Colorado groups want to make it easier for international medical graduates to work here

Three years ago, after multiple visits to the emergency room and her OBGYN practice, a patient with severe pain and no diagnosis turned to Wafa Elejmi for advice.

Elejmi, who worked as a clinical researcher in Denver, was not a practicing physician in Colorado but had residency experience in OBGYN after graduating from medical school in Libya. Someone the patient knew recommended that she contact Elejmi when she was at the end of her tether.

After 10 minutes of listening to the patient talk about her symptoms – vaginal bleeding and hemorrhagic cysts in her pelvis, pain and sleeplessness – Elejmi gave her opinion: the patient had an incomplete bilateral oophorectomy. Basically, she still had ovarian tissue in her body, despite having her ovaries removed at least a year earlier, and that was causing issues with the hormone replacement therapy she was taking. It took the patient’s and three other doctors’ advocacy to examine her ultrasound before confirming what Elejmi had told her.

“We are trained to use our knowledge and skills rather than relying on machines,” Elejmi said. “It’s a strength that we can add to this healthcare system: accurate diagnosis. Then the machines can confirm our diagnosis and not the other way around.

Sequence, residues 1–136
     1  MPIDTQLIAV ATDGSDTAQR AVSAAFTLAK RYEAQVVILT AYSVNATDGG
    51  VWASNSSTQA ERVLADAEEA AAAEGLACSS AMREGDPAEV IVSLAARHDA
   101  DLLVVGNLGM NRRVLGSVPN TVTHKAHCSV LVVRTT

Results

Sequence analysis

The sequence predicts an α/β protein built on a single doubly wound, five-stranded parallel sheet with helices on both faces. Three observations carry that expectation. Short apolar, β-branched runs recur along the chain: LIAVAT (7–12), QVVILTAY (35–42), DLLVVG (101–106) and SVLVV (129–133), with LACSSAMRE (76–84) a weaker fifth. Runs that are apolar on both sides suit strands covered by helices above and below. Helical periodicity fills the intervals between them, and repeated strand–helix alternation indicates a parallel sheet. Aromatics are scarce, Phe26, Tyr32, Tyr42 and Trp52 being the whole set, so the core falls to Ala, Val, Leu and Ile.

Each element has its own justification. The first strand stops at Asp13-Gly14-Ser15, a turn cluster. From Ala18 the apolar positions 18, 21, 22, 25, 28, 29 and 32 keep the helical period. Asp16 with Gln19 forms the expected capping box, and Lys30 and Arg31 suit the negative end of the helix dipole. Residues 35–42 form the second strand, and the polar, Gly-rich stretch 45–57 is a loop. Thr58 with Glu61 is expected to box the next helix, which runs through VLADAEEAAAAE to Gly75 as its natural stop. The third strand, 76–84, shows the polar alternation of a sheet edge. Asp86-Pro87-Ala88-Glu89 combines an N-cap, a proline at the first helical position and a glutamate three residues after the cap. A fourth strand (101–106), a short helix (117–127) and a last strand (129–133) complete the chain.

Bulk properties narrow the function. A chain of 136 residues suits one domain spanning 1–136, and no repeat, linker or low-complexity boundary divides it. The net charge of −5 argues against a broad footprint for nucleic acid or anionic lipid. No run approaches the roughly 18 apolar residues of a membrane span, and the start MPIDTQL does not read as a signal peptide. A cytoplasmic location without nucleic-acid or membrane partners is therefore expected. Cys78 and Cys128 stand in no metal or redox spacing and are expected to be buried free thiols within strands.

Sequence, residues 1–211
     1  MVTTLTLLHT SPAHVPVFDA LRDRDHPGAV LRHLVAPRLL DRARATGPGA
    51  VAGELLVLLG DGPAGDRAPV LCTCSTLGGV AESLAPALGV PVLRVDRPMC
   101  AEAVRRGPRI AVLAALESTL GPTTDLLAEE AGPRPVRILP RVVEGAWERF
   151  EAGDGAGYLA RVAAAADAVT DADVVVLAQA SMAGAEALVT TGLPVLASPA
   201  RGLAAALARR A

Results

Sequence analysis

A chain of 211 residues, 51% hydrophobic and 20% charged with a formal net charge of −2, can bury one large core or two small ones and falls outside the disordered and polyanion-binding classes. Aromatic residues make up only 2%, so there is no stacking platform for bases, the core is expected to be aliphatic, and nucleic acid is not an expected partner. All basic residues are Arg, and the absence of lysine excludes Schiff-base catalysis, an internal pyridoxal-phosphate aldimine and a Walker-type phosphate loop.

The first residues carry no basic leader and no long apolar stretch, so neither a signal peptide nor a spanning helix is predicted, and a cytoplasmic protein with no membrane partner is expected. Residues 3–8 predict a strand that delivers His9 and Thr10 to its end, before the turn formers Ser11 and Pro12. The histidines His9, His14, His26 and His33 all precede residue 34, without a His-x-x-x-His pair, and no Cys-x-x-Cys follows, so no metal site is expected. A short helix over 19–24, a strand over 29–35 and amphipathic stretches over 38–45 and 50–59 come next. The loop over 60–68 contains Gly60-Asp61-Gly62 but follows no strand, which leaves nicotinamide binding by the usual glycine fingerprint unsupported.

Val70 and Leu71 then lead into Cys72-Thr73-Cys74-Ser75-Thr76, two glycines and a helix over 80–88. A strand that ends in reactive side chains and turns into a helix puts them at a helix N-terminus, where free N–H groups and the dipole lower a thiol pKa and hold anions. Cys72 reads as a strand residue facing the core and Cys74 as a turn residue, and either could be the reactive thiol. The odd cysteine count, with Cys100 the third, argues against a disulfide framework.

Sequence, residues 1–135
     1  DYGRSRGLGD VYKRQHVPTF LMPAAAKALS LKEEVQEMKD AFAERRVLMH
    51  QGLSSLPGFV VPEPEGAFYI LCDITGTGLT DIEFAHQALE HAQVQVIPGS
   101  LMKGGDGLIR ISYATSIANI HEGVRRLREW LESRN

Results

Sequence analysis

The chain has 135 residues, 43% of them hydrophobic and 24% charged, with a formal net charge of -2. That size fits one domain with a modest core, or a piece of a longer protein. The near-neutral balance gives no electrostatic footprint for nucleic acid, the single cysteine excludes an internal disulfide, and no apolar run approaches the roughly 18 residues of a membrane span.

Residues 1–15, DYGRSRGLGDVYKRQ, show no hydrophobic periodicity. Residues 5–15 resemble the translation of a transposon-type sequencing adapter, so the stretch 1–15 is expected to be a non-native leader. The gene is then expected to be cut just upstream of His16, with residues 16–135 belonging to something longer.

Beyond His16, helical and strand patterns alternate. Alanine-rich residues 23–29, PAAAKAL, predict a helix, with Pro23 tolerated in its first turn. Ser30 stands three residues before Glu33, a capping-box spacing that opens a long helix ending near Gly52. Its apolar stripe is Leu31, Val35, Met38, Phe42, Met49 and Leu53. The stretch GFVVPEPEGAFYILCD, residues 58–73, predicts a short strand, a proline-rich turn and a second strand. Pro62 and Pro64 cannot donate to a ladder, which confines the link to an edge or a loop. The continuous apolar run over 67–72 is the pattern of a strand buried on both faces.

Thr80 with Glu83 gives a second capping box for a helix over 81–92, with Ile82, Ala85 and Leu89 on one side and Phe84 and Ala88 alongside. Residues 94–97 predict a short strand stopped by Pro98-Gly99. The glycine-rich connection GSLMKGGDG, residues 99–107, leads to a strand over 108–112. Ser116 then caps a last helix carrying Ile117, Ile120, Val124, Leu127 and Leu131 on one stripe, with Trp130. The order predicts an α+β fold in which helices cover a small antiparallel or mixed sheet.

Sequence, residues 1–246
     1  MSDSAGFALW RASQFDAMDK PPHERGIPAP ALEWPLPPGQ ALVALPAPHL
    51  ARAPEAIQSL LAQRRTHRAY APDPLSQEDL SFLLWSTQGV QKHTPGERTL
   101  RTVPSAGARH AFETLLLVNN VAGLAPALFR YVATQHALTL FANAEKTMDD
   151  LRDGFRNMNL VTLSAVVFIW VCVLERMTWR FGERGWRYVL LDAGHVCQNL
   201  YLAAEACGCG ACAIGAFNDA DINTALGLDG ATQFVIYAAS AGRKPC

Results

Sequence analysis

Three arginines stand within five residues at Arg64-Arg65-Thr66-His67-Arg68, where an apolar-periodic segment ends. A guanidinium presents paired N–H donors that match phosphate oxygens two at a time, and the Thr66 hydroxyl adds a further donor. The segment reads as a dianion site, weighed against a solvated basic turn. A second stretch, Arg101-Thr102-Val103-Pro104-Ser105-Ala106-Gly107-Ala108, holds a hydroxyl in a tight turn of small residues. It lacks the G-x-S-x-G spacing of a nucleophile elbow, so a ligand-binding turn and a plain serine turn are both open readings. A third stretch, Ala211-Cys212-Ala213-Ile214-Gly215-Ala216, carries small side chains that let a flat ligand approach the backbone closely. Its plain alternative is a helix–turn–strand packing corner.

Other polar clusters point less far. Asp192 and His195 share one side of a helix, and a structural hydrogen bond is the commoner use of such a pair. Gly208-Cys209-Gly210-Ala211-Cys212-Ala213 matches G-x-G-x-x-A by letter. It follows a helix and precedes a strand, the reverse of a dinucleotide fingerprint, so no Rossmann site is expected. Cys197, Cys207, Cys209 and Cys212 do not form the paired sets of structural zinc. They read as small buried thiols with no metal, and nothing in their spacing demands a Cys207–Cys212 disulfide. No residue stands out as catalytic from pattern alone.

Although Elejmi was born in Greeley, she spent most of her life in Libya, minus a few years in the UK, so this is where she studied medicine, before returning to Colorado. in November 2007. She was not prepared for obstacles. she would face as an international medical graduate trying to practice medicine in the state – the process is not only long and expensive, but it requires these graduates (from approved schools) to complete three years of postgraduate clinical training in the state to get licensed to practice, competing for limited residency places. American graduates only have one year to complete.